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My question arose from the proof of Proposition 31.7 of "The book of involutions." It says "… is the Tits algebra of the quasisplit group $(G_{\nu_G})_{F_{\chi}}$, hence it is trivial." I understood every part of the proof but this sentence. I guess this sentence is true due to the positive answer to the following question.

Let $G$ be a quasi-split simple connected semisimple algebraic group over a field $F$ and $\Gamma=\operatorname{Gal}(F_\text{sep}/F)$. If $\chi$ is a $\Gamma$-invariant character of the center of $G$, is the minimal Tits algebra $A_{\chi}$ of $G$ split?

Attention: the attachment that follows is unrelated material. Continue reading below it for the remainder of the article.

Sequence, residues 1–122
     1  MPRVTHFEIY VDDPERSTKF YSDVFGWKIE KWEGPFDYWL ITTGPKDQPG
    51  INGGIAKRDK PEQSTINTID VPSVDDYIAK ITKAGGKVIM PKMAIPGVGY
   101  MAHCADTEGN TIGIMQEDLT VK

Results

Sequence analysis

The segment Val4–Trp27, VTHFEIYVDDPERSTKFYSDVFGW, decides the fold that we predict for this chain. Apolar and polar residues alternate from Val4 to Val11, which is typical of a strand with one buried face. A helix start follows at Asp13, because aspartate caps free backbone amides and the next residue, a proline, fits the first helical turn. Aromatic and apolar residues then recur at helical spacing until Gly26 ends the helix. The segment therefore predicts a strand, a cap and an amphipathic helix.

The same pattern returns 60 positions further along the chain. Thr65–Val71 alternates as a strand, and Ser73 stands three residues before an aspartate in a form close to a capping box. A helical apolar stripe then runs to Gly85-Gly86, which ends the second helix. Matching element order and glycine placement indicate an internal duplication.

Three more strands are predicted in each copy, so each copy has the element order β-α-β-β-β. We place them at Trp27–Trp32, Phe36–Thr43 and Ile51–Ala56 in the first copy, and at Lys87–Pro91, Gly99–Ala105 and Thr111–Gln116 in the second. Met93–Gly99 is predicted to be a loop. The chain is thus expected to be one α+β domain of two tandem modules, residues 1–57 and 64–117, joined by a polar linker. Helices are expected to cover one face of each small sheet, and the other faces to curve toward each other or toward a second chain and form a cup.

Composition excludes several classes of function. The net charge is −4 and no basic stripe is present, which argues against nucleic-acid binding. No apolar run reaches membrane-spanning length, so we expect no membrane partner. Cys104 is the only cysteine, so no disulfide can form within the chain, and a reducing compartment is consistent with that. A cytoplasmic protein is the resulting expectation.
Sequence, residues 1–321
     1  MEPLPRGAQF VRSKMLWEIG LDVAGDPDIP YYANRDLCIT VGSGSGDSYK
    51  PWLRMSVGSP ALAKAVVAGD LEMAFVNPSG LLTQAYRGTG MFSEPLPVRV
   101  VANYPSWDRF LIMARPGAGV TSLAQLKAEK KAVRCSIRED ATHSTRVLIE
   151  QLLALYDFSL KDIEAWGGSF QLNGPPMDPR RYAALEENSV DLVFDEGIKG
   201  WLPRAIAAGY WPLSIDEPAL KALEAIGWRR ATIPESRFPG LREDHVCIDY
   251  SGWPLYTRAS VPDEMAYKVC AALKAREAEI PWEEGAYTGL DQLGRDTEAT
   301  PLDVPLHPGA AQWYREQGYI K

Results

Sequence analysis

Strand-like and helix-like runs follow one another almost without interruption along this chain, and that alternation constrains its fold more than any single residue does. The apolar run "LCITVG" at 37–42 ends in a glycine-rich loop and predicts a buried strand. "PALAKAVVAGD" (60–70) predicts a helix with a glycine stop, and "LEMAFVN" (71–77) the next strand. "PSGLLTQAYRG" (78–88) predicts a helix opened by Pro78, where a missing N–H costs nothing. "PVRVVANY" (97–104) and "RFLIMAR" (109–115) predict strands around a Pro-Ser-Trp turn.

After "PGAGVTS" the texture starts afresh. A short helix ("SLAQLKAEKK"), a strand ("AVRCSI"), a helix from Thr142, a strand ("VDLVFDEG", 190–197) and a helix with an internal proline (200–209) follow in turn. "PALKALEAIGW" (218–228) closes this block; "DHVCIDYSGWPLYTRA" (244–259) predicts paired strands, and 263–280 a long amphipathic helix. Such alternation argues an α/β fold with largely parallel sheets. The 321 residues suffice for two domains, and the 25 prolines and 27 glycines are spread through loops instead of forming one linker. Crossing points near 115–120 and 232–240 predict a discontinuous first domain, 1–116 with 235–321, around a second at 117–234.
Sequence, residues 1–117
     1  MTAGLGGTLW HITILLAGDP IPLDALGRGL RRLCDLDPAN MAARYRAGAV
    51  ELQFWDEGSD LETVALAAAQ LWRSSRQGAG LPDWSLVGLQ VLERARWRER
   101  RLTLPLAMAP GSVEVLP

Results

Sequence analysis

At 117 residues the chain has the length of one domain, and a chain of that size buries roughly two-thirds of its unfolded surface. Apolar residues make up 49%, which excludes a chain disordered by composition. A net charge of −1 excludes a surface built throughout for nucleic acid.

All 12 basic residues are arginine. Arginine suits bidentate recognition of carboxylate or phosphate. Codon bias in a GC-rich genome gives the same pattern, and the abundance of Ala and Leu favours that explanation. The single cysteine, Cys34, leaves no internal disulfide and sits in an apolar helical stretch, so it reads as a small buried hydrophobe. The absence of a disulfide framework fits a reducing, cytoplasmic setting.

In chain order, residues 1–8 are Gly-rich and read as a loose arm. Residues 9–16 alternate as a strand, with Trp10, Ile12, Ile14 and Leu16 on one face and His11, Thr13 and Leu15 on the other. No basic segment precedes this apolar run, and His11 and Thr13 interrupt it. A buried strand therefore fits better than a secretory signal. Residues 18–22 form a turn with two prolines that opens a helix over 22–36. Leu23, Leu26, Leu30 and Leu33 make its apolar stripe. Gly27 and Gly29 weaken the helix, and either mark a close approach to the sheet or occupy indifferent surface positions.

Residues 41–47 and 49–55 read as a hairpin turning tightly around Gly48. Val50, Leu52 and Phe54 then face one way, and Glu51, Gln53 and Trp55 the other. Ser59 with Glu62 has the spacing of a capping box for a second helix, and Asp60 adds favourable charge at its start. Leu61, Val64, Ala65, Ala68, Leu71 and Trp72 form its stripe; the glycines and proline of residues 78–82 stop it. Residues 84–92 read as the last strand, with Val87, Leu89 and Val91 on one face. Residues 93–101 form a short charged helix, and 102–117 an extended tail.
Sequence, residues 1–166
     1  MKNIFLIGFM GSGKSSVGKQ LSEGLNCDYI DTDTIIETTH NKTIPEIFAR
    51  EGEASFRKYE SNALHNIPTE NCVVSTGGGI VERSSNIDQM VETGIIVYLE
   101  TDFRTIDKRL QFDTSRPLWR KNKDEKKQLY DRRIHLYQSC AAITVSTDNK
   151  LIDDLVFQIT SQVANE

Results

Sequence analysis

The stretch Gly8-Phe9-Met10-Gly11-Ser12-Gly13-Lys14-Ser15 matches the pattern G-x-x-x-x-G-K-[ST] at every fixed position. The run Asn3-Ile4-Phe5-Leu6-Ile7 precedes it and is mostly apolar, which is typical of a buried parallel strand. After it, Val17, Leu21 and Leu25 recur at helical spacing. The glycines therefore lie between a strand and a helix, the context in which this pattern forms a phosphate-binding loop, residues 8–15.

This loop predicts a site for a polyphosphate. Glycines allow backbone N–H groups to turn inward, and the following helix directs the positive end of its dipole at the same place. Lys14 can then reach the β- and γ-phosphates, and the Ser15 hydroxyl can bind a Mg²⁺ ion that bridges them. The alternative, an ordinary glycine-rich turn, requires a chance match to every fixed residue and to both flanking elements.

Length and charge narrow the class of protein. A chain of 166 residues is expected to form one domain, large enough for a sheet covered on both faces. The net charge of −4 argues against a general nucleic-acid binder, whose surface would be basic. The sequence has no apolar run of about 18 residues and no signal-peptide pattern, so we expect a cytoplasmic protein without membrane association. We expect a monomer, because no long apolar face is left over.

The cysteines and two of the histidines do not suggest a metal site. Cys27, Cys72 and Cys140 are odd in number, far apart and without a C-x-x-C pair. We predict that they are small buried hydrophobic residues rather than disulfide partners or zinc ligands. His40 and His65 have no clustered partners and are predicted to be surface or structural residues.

I didn't look closely at the construction of Tits algebra but I'm just taking the notion of Tits algebra as a Galois descent of $\operatorname{End}_L(V)$, where $L$ is a splitting field of $G$ and $V$ is the minimal representation of $G_L$ corresponding to $\chi$. From this, however, I cannot see why the Tits algebra of a quasisplit group is split. Is it true? If so, how can I show this?

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I found and read the original paper <Représentations linéaires irréductibles d'un groupe réductif sur un corps quelconque> by Jacques Tits. In Theorem 3.3 of this paper, it is shown that the Tits algebra of a quasi-split semisimple algebraic group $G$ is split.

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